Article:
Many of these things probably can't be done through Jetpack/Add-on SDK, but, for better or for worse, Firefox's extension mechanism is vastly more powerful than that of Chrome or Opera.
I've been working on extensions for FF and Chrome recently - one of the biggest problems I had and tmk this is still the case (if it has not changed in the last 3 weeks) that it is in the moment extremely complicated to debug FF extension with the latest versions of FF.
Venkman e.a. don't work with these and compiling a 64bit Windows FF debug version (working with the VS debugger) was the only way we found to get towards that. And this for itself is complicated enough (VS2008 SP1) - when you have compiled debug versions of 64bit FF and Chrome you will realize that it is like night and day reg. documentation (up-to-date and consistent), support and effort.
There is a lot the Mozilla guys have to work on in this area (rather sad - if I would have had more time to spend on that I would have certainly contributed something back - maybe later this year).
You also don't need to write C/C++ to call functions in system libraries in Firefox. js-ctypes (libffi under the hood) works quite well, although converting headers to js-ctypes function definitions can't be automated IIRC, which makes it a bit of a pain.
It sounds like Google is working on a new plugin architecture in JS + HTML that will support the deep interactivity of NPAPI, so we'll see...
 - http://code.google.com/p/ppapi/
Then just use "Cc" instead of "Components.classes" and "Ci" instead of "Components.interfaces" for anything that needs them.
For example, the code in the "adding a stylesheet" section of this page ( https://developer.mozilla.org/en/Using_the_Stylesheet_Servic... ) would look like this:
var sss = Cc["@mozilla.org/content/style-sheet-service;1"]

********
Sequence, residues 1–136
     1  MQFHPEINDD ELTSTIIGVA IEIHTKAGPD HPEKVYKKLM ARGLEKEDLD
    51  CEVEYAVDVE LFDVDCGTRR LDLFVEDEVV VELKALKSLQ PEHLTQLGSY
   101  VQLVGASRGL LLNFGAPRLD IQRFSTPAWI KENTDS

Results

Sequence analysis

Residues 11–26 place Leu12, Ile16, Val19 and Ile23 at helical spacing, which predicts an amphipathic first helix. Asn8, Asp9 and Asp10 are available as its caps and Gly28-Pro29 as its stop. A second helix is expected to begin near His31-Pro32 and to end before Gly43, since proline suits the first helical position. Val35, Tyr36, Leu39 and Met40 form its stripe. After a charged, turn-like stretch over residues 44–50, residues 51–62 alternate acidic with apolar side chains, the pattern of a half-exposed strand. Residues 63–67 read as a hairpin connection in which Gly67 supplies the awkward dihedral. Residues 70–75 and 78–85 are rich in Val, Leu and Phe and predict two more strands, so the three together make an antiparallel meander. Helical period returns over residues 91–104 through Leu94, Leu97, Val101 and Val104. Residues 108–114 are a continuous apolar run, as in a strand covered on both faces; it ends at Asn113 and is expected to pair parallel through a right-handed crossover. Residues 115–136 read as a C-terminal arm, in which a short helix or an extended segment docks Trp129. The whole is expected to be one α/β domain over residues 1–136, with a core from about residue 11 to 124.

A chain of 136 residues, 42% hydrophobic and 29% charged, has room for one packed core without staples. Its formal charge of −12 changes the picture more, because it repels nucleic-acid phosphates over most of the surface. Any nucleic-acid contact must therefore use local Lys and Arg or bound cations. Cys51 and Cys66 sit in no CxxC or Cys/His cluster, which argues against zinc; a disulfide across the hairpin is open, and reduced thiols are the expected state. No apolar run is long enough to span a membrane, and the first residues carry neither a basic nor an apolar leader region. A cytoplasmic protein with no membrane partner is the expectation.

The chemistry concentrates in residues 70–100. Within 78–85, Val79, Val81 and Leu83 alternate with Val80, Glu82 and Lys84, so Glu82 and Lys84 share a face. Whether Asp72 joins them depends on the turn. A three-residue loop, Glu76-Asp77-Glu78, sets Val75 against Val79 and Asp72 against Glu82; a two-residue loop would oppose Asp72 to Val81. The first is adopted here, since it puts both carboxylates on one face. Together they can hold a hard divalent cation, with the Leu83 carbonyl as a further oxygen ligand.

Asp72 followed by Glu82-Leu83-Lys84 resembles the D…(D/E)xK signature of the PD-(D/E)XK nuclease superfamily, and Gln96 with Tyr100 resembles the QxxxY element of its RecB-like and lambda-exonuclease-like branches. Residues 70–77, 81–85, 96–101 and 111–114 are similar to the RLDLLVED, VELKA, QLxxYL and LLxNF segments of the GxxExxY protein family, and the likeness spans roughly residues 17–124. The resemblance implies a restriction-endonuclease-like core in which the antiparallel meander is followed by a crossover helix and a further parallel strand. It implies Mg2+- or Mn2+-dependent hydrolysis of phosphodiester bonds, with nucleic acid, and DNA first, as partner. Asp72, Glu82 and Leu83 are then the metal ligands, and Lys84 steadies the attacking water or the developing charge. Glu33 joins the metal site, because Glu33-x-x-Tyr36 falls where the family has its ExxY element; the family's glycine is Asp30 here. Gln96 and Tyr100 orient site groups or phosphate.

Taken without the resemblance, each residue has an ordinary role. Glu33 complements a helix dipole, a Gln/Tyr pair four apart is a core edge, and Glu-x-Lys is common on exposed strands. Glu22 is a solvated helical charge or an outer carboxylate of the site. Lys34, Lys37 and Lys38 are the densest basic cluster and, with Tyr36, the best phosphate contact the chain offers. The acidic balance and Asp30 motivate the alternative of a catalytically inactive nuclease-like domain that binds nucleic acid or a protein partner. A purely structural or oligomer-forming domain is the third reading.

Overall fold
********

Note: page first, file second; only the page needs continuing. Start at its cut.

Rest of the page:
var ios = Cc["@mozilla.org/network/io-service;1"]
var uri = ios.newURI("chrome://myext/content/myext.css", null, null);
(Assuming you actually have a stylesheet registered at "chrome://myext/content/myext.css", you will just have registered it with the stylesheet service, and it will take effect immediately.)
When I view this article on an iPhone 4S, Blogger adds in a swipe feature that goes to the next article (or previous article if you swipe left).
This "feature" is driving me nuts because there are tables that break the screen on the iPhone where I cannot move around to view it because Blogger automatically assumes I want to read the next article.
If someone from Google is reading this, or even better Blogger. Please take this feature out. It is a really annoying experience.
I don't want an "ipad" experience, I just want the website.
#2 is to view the meta data that's "free" on normal GI you have to click through to the preview and start downloading it and other images at a larger size. Images has lots of shitty, spammy websites gaming the results as well as poor versions of images available elsewhere larger, seeing that info was always useful to me.
Pro tip: If you scroll to the bottom of the page, you can view the desktop site by hitting "Classic". Happy Googling :)
Also when an image is being viewed, you can't swipe to go to the previous/next image. I believe this works on the iPhone.
The only downside is that for IE build support you have to buy a commercial license which isn't cheap ($2500).
I'm currently working on completely redoing the Developer Hub to make it dead simple. Shoot me an email (gkoberger at mozilla dot com) if you have any suggestions or things that were particularly painful.
Grrrrrrrrrrrrrrrrrrrr - I'm still furious if I remember the days and nights wasted with false or outdated documentation.
At the end we skipped using FF (our original favorite) for these internal tasks and went along with Chrome - sadly to say so but this is currently broken with FF and great if that changes.